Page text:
This is particularly true when the pupuseria on the southern edge of the plaza starts up for the day. Pupusas are a peculiarly Salvadoran delicacy, and I'm astonished they haven't caught on across the continent, as they're absolutely delicious. They're a bit like thick tortillas that are made from either rice or maize – we much prefer the rice version – and they're stuffed with a generous helping of beans (frijoles), cheese (queso), pork (chicharrón) or a combination of all three (revuelta), before being grilled on a hotplate that's lightly brushed in lard. As a hearty breakfast or a late afternoon snack, they're hard to beat, and the pupusas on the main plaza in Suchitoto were the best we tasted anywhere in El Salvador... and that's saying something, as they're a consistently good snack wherever you go in the country.
Cerron Grande Reservoir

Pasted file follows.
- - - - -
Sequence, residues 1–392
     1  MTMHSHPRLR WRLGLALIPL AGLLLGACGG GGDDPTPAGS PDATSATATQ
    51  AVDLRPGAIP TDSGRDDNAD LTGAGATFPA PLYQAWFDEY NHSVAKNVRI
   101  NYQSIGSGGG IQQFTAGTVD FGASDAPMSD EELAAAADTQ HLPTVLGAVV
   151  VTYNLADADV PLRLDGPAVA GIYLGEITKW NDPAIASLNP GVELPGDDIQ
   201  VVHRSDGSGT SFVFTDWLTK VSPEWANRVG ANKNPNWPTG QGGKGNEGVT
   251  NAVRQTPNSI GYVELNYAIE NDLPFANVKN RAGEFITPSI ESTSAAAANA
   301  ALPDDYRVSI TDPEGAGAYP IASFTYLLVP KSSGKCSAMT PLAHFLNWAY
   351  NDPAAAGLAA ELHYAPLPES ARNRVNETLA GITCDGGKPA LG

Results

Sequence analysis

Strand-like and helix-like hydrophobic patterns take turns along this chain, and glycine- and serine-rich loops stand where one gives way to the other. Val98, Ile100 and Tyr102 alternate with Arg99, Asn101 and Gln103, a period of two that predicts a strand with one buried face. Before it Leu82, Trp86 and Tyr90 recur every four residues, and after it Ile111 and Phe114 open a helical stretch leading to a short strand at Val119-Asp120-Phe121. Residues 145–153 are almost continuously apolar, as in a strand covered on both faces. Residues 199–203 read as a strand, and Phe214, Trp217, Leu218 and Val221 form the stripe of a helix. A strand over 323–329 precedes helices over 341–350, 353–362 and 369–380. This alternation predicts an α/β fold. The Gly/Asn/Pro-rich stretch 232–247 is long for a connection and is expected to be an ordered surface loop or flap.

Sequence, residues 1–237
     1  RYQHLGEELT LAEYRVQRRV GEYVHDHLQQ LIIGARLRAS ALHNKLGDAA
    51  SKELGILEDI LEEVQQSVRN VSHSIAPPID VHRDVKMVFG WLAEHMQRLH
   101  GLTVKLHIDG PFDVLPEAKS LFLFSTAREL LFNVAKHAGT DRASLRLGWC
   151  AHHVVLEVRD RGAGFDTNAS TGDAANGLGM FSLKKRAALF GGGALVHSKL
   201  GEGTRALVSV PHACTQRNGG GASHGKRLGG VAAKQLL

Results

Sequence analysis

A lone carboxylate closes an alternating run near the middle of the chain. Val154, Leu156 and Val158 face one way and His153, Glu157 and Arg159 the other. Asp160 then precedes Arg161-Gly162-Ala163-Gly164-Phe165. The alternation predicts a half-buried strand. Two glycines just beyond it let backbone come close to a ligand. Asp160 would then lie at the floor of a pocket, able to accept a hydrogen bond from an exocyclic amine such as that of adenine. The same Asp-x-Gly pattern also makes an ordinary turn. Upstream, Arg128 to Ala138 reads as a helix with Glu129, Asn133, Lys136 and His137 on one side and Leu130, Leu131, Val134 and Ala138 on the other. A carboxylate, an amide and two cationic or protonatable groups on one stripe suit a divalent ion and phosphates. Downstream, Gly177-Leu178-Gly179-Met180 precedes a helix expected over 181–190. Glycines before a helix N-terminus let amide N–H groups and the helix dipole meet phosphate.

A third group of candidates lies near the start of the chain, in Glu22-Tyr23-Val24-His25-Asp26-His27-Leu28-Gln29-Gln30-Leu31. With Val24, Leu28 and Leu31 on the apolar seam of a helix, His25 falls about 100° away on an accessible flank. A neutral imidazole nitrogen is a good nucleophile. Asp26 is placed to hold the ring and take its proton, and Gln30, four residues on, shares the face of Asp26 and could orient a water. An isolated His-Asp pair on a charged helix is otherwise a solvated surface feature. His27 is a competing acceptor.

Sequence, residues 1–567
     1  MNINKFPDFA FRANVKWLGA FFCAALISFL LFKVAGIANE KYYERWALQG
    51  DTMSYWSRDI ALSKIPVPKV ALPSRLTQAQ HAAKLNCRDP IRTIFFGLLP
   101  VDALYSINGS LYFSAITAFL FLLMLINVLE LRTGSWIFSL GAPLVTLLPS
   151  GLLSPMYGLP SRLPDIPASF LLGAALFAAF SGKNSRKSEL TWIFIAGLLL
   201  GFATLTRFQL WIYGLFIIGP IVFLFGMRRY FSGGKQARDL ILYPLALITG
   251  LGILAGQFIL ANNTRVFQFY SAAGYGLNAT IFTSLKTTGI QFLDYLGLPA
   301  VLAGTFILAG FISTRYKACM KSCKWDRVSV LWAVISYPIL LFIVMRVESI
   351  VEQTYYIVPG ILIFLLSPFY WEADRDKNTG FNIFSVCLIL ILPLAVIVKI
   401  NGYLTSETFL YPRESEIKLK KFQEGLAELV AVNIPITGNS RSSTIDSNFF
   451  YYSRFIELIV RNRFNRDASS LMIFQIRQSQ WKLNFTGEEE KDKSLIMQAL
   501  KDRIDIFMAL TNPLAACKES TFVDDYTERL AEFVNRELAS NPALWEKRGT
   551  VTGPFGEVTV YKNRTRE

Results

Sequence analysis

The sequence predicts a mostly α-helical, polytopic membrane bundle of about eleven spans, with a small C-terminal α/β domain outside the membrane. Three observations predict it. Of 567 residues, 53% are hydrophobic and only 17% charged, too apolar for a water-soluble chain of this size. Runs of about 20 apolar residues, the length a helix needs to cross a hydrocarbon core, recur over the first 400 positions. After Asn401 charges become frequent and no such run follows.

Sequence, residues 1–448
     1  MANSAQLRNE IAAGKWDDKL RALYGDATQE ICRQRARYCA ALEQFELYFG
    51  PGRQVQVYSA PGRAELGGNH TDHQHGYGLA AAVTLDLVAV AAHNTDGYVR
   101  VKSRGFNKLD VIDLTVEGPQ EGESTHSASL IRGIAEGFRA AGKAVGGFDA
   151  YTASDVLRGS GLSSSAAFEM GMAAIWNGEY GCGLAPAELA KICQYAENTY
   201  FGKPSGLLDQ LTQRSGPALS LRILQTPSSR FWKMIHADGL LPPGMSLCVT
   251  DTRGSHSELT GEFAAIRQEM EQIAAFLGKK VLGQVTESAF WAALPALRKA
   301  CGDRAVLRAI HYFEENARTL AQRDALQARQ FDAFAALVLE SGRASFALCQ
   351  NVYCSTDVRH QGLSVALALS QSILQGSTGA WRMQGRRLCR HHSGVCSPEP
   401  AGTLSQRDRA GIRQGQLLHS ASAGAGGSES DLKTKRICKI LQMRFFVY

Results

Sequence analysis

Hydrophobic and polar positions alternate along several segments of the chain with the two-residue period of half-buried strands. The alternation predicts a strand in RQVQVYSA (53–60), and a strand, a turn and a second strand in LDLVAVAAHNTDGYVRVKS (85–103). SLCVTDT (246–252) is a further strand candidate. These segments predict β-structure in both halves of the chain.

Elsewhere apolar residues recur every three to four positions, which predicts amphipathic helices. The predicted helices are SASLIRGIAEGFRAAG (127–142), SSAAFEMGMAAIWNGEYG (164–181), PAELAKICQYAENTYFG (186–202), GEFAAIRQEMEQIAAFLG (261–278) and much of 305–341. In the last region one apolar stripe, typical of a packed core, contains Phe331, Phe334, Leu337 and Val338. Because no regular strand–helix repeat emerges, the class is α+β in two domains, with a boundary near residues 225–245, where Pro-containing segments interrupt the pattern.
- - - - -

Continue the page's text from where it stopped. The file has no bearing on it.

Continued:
To get to Suchitoto from Santa Ana, we teamed up with Pamela and Matteo, with whom we'd climbed Volcán de Santa Ana and explored the Ruta de las Flores. As Italians they could speak excellent Spanish – the languages are so similar that it's easy to pick up one if you already know the other – so not only did we have some excellent company for our visit, but we also had translators in tow, and that always makes life easier. The journey wasn't that straightforward, as we had to take a bus from Suchitoto to the west terminal in San Salvador, then another bus across the capital to the east terminal, and then another from the east terminal to Suchitoto; but even with our very basic Spanish, it wouldn't have been difficult to do on our own, as the people in the bus stations are so helpful and only too happy to guide you to the correct bus. But it certainly made the whole thing far less stressful, knowing that we were travelling with people who could communicate with the locals in their own language if things got too confusing; in all, it was a delight to be travelling with our Italian friends.